I think it might be interesting to have a haunted house that is in a new pristine condition. Perhaps a cursed Airbnb. But I love old things, so in this case everything is falling apart. At the same time, the Doyles just keep clinging to their majestic past and outdated lifestyle. For them, it’s probably better to live in a rotting house than to have to accept their heyday is long past. But it’s not like anyone who has ever oppressed others wants to hand away the keys to the house.
Many Gothics contain supernatural elements. How did you determine how “ghostly” this novel will be?
Ah, the Scooby-Doo factor. Gothic novels are classified by scholars often as “male” or “female.” The male ones have explicit supernatural or fantastical elements and are more violent. The female ones don’t have supernatural elements, and at the end, what seems like a haunting is revealed to have a natural source. There’s also an important romantic element. I think I created a conundrum of classification because Mexican Gothic is all of the above at the same time.
The female characters in this novel are all under some form of patriarchal control. Noemí is at High Place at the behest of her father, Virgil controls Catalina and Howard controls everyone. Was this purely a function of when the novel was set or was this intended to be a commentary on the dangers of the patriarchy?
When my grandmother was a young woman in the 1950s, she wanted to attend medical school. Her father wouldn’t let her because that meant she would go to school with men, so instead she went to secretarial school and then married. This was very much the rule in that time and place: Women in Mexico got the right to vote in 1953. You’d marry and you were under the control of either a husband or a father. But if you go back, gothic novels are very patriarchal. It’s a “master of the manor” situation where the woman is often in a subordinate position to the man, which also produces a frisson of erotic excitement. At the same time, Noemí seems to be very much aware of all of this. If she were a modern woman, she’d probably dub herself a Final Girl.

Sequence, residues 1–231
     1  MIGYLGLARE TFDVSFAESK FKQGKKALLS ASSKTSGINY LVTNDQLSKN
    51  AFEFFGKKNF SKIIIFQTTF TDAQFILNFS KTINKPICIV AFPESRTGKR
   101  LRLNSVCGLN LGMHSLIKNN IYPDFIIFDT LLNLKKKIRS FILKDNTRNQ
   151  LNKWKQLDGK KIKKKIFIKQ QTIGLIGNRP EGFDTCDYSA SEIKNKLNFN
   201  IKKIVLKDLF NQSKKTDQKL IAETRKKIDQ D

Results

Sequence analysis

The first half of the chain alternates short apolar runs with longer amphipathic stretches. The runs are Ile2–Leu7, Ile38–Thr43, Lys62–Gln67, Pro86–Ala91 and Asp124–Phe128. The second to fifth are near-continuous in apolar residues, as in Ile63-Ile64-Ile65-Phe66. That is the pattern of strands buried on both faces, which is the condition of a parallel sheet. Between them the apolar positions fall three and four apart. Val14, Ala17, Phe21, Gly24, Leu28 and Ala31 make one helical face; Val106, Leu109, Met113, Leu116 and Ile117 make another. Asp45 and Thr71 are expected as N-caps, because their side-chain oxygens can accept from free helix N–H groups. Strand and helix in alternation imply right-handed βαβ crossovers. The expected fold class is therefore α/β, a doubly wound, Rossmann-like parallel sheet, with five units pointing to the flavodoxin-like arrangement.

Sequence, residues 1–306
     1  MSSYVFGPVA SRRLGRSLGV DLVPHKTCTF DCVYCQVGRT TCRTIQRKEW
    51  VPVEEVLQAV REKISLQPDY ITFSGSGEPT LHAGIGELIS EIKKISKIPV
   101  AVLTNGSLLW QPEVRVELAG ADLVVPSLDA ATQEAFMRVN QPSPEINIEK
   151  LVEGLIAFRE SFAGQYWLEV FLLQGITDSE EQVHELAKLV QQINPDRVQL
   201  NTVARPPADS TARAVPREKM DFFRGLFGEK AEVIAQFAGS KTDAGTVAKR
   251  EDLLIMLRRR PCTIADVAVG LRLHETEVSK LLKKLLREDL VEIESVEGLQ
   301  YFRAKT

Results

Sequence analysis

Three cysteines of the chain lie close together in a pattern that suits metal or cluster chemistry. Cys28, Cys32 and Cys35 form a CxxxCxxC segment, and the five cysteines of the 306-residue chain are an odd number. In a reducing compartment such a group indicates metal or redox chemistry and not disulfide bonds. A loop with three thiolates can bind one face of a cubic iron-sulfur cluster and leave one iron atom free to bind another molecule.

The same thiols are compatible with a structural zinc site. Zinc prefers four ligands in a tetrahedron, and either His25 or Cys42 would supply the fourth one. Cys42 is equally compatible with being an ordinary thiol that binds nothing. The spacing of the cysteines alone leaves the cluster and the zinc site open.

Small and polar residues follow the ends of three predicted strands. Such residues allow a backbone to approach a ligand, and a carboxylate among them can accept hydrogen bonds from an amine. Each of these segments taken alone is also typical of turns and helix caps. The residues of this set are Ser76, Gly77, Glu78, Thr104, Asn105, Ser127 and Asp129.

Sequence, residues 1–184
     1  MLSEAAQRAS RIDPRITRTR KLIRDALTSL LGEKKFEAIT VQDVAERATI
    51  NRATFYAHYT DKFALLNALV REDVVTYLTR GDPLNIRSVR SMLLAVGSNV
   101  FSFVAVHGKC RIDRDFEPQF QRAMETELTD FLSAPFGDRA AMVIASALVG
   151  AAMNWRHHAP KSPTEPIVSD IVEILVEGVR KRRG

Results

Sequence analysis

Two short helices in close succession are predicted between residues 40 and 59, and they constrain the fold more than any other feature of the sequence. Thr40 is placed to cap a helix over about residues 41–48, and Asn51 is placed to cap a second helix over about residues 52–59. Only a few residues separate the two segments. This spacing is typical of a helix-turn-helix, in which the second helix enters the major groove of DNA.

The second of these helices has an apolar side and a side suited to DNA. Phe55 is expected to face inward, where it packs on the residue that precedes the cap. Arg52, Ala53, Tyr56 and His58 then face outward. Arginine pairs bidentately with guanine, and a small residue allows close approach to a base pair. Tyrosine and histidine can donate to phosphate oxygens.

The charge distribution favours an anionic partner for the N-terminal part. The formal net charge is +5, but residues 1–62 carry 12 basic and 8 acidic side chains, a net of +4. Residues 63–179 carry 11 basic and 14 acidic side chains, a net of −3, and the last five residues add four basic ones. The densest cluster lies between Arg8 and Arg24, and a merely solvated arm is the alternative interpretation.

Many Gothics explore toxic families, but in this case the Doyles literally and figuratively poison the community they exploit. Were they based on any real family or were they meant to represent colonialism?
Mexico is a country that has been constantly in the thrall of colonizers, and they have often exploited its mineral riches. It started with the Spaniards but it didn’t end there. The first mining strike in North America happened in Real del Monte due to poor labor conditions. Colonization worked in other insidious ways. In the 1850s, the British government plotted ways to steal Mayan ruins. Around that time, two young children with a congenital disease, taken from El Salvador, were exhibited in London as “Aztec Children” and used to theorize on ideas of race, race-mixing and biological fitness. Eugenicist discourse, which lasted well into the mid-20th century and beyond around the world, often mixed with notions of race. The Doyles are an invention, but the eugenicist principles spouted by the patriarch of the family were real.
I absolutely loved this novel. Are you planning on returning to this genre?
Gothic horror? Not right now. I am trying to sell a noir and I have a sword and sorcery novella out sometime next year. But the other day I had a good idea for a Satanic panic book. We’ll see.
Author photo by Martin Dee.